Finally, in Taijutsu, Sensei reminded us to use our fingers as if playing the piano on Uke. Then one finger extended was often enough to overcome the adversary even when he was armed with a sword.

All these techniques that we did were practical applications of high-level Mutō Dori. Mutō Dori is entirely misunderstood. It is not what we learned at beginner’s level. Mutō Dori is done in every situation, with or without weapons. Because it is about controlling Fun’iki (1), the environment, the atmosphere.

When your mental presence is aware of everything and controls the space between and around you and the opponent, then defeat is never yours. (5) (6)

The essence of Mutō Dori is Fun’Iki, to control the environment naturally.

1. 雰囲気, Fun’iki or Fuinki, air, atmosphere, environment
2. Kashira 頭, the head/top of the weapon/hilt
3. 梃子, lever(age). Teko – lever, and Shiten – fulcrum are one the secrets of the Kukishin Ryū
4. Naname 斜め, diagonal, oblique
5. Sensei used the word Fudōshin (不動心) to express it. And many of his attackers today explained that they cannot get him because of his commanding presence.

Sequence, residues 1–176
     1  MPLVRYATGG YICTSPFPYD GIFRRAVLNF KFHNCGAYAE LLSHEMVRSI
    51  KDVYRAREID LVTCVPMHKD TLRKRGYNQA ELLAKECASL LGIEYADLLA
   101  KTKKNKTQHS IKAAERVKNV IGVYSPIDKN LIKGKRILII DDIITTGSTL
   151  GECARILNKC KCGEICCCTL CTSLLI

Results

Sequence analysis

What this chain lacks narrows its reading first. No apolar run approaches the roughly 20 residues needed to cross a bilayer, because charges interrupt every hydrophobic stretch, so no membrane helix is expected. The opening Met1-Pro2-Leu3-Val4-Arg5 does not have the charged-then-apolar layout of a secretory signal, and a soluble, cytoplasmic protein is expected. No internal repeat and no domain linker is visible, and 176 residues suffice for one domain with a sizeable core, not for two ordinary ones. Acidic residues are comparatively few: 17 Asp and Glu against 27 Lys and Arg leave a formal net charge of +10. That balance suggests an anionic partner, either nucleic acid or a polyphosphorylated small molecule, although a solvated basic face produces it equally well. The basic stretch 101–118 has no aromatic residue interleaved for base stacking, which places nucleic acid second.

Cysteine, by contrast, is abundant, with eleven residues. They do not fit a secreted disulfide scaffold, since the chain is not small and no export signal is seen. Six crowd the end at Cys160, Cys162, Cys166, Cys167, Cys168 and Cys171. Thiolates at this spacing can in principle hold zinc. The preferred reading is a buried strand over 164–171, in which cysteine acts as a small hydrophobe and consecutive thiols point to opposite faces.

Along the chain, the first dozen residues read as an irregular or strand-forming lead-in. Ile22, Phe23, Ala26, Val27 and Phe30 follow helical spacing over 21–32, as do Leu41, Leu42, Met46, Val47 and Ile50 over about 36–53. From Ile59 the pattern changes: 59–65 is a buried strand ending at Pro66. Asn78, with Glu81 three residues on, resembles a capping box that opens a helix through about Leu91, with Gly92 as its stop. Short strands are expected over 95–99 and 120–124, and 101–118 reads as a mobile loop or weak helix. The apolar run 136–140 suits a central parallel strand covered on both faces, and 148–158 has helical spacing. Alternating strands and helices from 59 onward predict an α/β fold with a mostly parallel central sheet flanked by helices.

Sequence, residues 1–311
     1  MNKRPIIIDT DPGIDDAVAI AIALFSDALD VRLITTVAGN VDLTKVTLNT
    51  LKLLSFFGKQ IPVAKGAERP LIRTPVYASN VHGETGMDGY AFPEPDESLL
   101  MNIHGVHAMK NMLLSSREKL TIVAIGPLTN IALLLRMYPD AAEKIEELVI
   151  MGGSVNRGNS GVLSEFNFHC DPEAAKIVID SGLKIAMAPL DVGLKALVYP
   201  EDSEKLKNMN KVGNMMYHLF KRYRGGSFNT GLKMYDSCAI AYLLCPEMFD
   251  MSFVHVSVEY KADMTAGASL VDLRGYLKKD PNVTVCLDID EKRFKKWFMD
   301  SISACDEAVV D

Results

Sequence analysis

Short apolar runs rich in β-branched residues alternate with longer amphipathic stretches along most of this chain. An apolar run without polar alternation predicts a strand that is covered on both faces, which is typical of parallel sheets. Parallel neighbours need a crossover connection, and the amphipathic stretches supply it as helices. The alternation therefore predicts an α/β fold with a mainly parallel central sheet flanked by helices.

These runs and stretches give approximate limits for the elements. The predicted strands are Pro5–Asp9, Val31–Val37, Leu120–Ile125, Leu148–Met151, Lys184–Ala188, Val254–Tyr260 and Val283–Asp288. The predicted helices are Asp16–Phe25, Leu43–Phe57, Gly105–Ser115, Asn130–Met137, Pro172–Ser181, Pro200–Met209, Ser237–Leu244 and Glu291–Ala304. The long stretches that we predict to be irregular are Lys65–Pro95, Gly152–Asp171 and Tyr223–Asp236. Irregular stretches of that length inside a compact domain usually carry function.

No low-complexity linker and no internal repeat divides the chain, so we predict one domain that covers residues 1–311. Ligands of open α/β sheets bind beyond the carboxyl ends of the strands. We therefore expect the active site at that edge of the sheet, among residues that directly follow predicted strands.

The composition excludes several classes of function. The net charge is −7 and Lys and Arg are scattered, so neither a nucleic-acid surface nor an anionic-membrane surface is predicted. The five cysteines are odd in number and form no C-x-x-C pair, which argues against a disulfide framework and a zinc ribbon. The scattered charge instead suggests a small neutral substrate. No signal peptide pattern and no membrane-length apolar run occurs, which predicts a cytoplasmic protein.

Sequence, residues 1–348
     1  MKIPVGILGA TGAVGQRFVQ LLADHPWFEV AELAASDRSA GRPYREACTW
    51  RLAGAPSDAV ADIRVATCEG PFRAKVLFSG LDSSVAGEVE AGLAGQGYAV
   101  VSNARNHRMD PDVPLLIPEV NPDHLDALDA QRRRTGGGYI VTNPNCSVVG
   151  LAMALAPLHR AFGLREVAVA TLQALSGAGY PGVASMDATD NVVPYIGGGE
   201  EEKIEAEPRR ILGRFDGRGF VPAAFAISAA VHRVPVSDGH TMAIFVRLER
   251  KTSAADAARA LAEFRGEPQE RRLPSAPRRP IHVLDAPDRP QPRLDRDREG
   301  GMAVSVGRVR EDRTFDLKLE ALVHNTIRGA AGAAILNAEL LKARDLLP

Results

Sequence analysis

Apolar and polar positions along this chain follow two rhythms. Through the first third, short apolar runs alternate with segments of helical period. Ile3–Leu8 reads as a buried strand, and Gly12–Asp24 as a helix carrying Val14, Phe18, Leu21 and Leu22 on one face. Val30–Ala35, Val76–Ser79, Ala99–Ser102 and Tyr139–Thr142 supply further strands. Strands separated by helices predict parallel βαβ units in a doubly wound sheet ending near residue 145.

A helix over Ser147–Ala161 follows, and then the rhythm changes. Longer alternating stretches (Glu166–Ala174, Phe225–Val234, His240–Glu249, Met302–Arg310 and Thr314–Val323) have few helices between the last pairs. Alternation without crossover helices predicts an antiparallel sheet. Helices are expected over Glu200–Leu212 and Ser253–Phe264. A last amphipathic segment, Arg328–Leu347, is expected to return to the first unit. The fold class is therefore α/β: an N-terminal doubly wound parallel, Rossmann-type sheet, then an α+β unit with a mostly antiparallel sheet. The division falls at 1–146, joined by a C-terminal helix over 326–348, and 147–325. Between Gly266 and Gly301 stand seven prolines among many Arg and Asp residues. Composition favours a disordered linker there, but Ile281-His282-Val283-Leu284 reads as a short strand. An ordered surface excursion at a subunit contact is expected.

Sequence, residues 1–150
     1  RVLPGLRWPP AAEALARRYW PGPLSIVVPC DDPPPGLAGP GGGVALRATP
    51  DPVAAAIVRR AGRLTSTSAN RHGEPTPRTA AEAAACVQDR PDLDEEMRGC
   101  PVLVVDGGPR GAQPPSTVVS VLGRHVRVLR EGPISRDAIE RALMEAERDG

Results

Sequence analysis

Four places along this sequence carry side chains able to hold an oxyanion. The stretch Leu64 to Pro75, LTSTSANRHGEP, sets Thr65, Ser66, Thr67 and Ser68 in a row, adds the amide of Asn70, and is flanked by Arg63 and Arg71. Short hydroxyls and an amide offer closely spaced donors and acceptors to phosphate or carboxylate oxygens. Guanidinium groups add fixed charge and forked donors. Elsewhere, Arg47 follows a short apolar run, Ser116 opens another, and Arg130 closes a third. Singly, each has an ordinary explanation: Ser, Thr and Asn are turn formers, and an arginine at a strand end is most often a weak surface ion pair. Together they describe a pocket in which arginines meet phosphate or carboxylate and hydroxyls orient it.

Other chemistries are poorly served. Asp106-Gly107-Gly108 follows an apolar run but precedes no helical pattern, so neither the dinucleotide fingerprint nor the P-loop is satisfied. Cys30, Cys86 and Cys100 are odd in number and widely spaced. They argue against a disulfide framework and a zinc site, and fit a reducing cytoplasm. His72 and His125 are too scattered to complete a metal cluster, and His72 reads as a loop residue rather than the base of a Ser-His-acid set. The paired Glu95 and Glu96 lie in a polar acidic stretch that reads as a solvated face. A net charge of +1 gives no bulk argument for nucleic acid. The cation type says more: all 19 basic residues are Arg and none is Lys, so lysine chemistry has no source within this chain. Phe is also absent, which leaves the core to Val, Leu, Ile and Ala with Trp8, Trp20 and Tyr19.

6. 不動心, Fudōshin: a) imperturbability; steadfastness
b) cool head in an emergency; keeping one’s calm (e.g. during a fight)

Kantan Janai!

seno1Senō sensei’s class was very technical, even more than usual. Luckily my partner was Holger, and we were both very much into learning because it was not easy.

Too often, when you partner with a beginner, you end up being bored or correcting your partner. Today, thanks to him I enjoyed the research/training we both did.

The locks by Senō sensei were subtle, and we had a hard time finding the right amount of force to apply them correctly.

He didn’t teach many techniques during this training session, but each one he did require a lot of work. We went to him several times for each movement to “feel” them. And even after we had experienced them, we had a real difficulty to get them correctly. It was high-level taijutsu.